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Isothiocyanates are important as haptens in contact allergy to chloroprene rubber
Stockholm University, Faculty of Science, Department of Environmental Science and Analytical Chemistry.
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Number of Authors: 62017 (English)In: British Journal of Dermatology, ISSN 0007-0963, E-ISSN 1365-2133, Vol. 177, no 2, p. 522-530Article in journal (Refereed) Published
Abstract [en]

Background Contact allergy to chloroprene rubber products is well known. Thiourea compounds are considered the cause of allergy. Diethylthiourea commonly occurs in this type of product and can decompose to the sensitizer ethyl isothiocyanate. Objectives To investigate the clinical importance of degradation products and metabolites from organic thioureas in contact allergy to chloroprene rubber with a focus on isothiocyanates and isocyanates. Methods Patients with contact allergy to diphenylthiourea were patch tested with phenyl isothiocyanate and phenyl isocyanate. Patients with known contact allergy to diethylthiourea were retested with diethylthiourea, while chemical analyses of their chloroprene rubber products were performed. The stability of diethylthiourea, diphenylthiourea and dibutylthiourea in patch-test preparations was investigated. Liquid chromatography/mass spectrometry and solid-phase microextraction/gas chromatography were used for determination of organic thioureas and isothiocyanates. Results All patients allergic to diphenylthiourea reacted to phenyl isothiocyanate, two of eight reacted to phenyl isocyanate and six of eight reacted to diphenylthiourea. Four patients allergic to diethylthiourea reacted at retest; diethylthiourea was detected in all chloroprene rubber samples, with levels of 2-1200 nmol cm(-2). At 35 degrees C, ethyl isothiocyanate was emitted from all samples. Patch-test preparations of diethylthiourea, diphenylthiourea and dibutylthiourea all emitted the corresponding isothiocyanate, with diethylthiourea showing the highest rate of isothiocyanate emission. Conclusions Thiourea compounds are degraded to isothiocyanates, which are generally strong or extreme sensitizers, thus acting as prehaptens. This process occurs in both chloroprene rubber products and patch-test preparations. Positive reactions to phenyl isocyanate indicate cutaneous metabolism, as the only known source of exposure to phenyl isocyanate is through bioactivation of diphenylthiourea.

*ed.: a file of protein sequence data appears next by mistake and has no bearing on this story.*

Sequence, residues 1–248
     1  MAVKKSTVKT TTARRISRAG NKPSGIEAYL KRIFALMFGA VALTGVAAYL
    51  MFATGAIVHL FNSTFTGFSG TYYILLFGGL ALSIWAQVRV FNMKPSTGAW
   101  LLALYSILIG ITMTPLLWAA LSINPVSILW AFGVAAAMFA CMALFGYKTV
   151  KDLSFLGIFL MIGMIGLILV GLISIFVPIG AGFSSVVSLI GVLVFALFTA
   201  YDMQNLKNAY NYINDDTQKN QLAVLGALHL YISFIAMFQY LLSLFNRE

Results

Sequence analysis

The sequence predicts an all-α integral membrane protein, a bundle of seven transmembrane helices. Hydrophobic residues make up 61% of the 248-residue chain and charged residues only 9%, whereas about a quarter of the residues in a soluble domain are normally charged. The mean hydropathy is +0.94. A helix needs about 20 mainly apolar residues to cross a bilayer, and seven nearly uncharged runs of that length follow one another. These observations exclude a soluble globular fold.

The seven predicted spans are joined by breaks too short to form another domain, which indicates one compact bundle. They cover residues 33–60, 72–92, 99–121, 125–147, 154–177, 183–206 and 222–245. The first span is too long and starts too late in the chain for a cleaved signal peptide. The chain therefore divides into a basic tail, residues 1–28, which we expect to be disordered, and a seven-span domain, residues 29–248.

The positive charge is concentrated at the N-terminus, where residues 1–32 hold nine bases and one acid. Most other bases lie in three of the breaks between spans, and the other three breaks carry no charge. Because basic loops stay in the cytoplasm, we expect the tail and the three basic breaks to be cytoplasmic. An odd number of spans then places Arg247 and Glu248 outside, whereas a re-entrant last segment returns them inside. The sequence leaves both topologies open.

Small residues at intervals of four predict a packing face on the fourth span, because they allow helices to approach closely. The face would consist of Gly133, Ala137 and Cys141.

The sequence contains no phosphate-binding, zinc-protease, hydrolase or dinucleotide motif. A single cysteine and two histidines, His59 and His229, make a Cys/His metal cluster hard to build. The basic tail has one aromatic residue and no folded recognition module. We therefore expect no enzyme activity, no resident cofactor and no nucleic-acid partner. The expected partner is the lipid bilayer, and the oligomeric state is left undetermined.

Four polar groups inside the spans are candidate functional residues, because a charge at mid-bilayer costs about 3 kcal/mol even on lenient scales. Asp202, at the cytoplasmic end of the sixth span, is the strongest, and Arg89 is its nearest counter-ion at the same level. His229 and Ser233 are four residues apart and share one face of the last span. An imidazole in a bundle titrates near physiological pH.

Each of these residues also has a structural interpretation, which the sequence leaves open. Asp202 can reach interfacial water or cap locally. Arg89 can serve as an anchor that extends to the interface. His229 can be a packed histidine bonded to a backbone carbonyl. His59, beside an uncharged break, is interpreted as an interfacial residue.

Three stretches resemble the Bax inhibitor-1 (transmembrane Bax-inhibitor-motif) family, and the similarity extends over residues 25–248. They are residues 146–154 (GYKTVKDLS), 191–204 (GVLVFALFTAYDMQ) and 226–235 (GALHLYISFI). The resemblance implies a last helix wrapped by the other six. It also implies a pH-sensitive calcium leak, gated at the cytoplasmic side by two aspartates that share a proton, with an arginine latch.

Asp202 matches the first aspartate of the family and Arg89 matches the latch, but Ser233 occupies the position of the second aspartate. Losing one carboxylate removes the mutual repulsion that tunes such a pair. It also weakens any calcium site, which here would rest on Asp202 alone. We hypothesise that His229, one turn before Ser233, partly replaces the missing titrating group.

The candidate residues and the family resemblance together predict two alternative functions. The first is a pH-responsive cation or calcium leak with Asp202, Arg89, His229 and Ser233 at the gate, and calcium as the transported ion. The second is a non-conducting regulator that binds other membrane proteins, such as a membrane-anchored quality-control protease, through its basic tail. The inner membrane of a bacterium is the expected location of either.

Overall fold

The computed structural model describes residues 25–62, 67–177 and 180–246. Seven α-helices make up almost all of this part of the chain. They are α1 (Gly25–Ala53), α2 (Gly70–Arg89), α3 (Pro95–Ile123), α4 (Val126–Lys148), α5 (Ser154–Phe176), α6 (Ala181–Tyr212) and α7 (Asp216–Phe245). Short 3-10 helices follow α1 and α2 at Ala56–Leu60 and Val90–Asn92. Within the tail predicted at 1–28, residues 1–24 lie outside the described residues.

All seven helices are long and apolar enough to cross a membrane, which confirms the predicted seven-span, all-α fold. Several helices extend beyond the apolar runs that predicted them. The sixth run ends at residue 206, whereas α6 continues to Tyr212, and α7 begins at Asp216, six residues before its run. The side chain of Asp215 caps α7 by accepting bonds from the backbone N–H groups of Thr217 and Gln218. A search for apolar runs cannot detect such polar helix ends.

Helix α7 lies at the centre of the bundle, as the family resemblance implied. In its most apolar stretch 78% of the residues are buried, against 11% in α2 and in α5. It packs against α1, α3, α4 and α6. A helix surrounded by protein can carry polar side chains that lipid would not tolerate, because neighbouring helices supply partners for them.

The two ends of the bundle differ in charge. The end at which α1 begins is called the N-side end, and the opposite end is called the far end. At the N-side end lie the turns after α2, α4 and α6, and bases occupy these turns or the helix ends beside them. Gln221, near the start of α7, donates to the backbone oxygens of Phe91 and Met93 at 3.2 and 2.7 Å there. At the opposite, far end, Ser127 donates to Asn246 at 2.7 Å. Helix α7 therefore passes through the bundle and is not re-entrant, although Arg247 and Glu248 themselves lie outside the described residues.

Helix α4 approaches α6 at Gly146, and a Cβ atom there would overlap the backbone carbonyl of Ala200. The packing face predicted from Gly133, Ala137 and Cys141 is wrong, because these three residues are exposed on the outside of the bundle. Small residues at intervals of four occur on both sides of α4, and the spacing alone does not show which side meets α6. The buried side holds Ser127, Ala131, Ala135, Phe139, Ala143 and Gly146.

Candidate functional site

Place, publisher, year, edition, pages
2017. Vol. 177, no 2, p. 522-530
National Category
Chemical Sciences
Research subject
Analytical Chemistry
Identifiers
URN: urn:nbn:se:su:diva-147115DOI: 10.1111/bjd.15444ISI: 000407994100038PubMedID: 28295200OAI: oai:DiVA.org:su-147115DiVA, id: diva2:1147888
Available from: 2017-10-09 Created: 2017-10-09 Last updated: 2018-02-12Bibliographically approved
In thesis
1. Analytical methodologies for common skin allergens: Organic thioureas, isothiocyanates and fragrance hydroperoxides in everyday life products
Open this publication in new window or tab >>Analytical methodologies for common skin allergens: Organic thioureas, isothiocyanates and fragrance hydroperoxides in everyday life products
2018 (English)Doctoral thesis, comprehensive summary (Other academic)
Abstract [en]

This thesis describes analytical methodologies for the determination of important skin-sensitizing chemicals in two types of commercial items: chloroprene rubber and fragrance products which are both well-known to be associated with contact allergy.